out by real estate prices. And Republicans are heading
for whiter states where they won`t have to pay taxes for
so many social programs for the poor."

California`s "education gap"
also shows up in income statistics. In California, 6.8
percent of all households make more than $150,000 per
year versus 4.1 percent elsewhere.

In contrast, 14 percent of
California households are

compared to only 12.3 percent of households in
the other 49 states.

And this measure actually
underestimates California`s poverty problem, because the
federal government uses the same poverty level
nationwide, despite California`s higher cost of living.
For example, the state`s median rent is 30 percent
greater than elsewhere.

What`s at work in New Mexico and
Rhode Island—the other two states that are above average
in both graduate degrees and adults who`ve never been to
high school?

Ever since the

Manhattan Project
built the atomic bomb during World
War II,

New Mexico
has had a social chasm, with

Los Alamos physicists

Santa Fe glitterati
on one side, and poor
Mexican-Americans and American Indians on the other.

Rhode Island is demographically
split between the workers in New England`s
intellectual-industrial complex and the state`s many
blue-collar immigrants from the

Portuguese-speaking world,
most notably the very

Cape Verde Islands
off the coast of West Africa.

The evidence from recent elections
suggests that inequality might be good for the
Democratic Party.

George W. Bush lost decisively both
times in California, the state that bequeathed

Richard Nixon

Ronald Reagan
to the Republican Party. In 2004, John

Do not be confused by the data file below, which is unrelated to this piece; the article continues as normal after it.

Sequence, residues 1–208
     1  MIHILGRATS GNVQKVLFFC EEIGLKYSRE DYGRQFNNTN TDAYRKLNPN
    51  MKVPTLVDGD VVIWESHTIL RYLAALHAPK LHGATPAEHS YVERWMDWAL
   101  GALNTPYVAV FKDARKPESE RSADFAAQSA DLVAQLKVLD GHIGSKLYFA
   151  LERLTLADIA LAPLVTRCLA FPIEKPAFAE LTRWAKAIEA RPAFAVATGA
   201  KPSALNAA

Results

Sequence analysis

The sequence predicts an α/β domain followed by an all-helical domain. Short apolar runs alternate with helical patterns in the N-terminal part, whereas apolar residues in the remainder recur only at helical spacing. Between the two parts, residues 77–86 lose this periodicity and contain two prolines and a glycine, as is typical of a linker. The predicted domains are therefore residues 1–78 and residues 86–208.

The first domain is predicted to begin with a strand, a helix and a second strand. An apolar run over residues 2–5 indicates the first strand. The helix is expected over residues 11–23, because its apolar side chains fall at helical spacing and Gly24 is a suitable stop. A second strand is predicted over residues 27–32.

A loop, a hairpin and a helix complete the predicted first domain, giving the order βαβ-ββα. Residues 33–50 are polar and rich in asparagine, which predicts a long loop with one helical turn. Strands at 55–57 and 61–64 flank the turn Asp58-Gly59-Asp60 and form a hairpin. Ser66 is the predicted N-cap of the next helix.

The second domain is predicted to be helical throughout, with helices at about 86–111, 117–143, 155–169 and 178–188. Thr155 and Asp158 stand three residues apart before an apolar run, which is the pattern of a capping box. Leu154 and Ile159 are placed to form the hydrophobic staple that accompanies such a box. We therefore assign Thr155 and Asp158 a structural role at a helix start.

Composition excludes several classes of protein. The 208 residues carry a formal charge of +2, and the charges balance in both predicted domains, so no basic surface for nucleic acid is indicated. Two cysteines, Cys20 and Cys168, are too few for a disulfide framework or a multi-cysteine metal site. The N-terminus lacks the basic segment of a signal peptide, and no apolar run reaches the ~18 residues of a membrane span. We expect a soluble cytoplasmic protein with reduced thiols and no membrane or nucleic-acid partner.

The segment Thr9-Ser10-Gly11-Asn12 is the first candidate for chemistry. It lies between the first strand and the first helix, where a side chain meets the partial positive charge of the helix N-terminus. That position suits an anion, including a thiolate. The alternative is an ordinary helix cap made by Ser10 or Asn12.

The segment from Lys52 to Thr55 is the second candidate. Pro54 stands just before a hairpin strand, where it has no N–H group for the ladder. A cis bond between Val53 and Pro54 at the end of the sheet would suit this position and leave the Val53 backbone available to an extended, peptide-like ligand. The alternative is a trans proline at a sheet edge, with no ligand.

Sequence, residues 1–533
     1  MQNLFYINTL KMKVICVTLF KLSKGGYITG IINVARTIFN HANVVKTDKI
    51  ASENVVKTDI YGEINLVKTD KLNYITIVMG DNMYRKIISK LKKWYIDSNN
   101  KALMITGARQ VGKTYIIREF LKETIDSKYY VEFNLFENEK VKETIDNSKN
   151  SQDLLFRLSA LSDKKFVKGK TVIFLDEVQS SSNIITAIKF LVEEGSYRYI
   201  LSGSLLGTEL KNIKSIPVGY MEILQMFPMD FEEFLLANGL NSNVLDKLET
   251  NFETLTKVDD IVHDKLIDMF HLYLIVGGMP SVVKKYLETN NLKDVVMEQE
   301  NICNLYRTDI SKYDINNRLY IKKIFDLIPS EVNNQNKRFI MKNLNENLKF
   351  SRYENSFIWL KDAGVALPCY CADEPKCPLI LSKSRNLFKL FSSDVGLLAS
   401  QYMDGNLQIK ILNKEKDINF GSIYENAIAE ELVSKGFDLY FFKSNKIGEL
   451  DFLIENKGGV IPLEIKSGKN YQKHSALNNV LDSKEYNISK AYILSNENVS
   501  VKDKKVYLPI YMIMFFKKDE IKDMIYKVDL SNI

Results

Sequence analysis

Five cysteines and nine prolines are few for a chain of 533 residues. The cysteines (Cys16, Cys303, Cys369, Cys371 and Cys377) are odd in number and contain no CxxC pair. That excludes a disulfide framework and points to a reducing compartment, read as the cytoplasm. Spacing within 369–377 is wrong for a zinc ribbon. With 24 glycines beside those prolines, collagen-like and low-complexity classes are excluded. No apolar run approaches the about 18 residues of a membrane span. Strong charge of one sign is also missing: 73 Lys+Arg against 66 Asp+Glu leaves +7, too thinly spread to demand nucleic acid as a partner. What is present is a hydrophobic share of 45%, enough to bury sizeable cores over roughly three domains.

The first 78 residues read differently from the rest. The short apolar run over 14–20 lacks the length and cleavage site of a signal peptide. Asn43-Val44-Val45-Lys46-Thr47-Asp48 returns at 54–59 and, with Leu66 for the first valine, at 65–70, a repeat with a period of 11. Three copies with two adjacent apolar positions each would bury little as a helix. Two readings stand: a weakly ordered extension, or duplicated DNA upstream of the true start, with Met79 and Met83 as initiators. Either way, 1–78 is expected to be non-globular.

Kerry won a solid ten point victory over George W. Bush.

Bush hasn`t reached 40 percent of
the vote in Rhode Island in two tries.

After losing New Mexico by a hair
in 2000, he won a single point victory there this year.
Still, Bush finished below 50 percent in New Mexico this
year, while be broke 70 percent in nearby, but much more
egalitarian Utah.

Traditionally, Democrats have done
best with the educational extremes. The

exit poll
in 2000 showed Gore carrying the
educational extremes. Nationally, the former vice
president won 59 percent to 39 percent among voters
without high school degrees. Similarly, he beat Bush 52
percent to 44 percent among those with postgraduate
degrees. In contrast, Bush carried the middle. He beat
Gore 49 percent to 48 percent among high school
graduates and 51 percent to 45 percent among both those
with only some college and those with a bachelor`s

In the 2004 election, according to
the NEP

exit poll
, Bush won a solid 53 percent of everyone
falling into the high school graduate, some college, or
college graduate categories, while getting only 44
percent of those claiming to have some postgraduate

One difference from 2000 is that
Bush`s share of the high school dropouts was up to 49
percent (insert cynical joke about Bush`s appeal to the
easily confused).

Strikingly, the percentage of
residents with graduate degrees proved one of the
strongest predictors of whether a state would vote
Republican or Democrat. Gore won only three of the 25
states with the fewest graduate degree holders. He won
17 of the 25 states with the most graduate degree

, the destination of so many disgruntled
ex-Californians, is emerging as the anti-California. It
leads the country with only 2.4 percent of its residents
never having attended high school.

Paradoxically, this staunchly
Republican state, where Bush won 71 percent in 2004,
exemplifies some of the supposed egalitarian ideals of
the Democratic Party. A 2000 study by the Economic
Policy Institute found Utah to have the most equal
income distribution of any state.

Still, Utah is more likely to be
the anomaly and California the harbinger of the United
States` future.

This suggests that the Democratic
Party will be

well served
by the immigration-induced

of the U.S., regardless of the
party`s claimed ideals of educational and economic

Quite why the Republicans are
supporting this transformation is another matter.

[Steve Sailer [email
him] is founder of the Human Biodiversity Institute and

movie critic

The American Conservative
His website

features his daily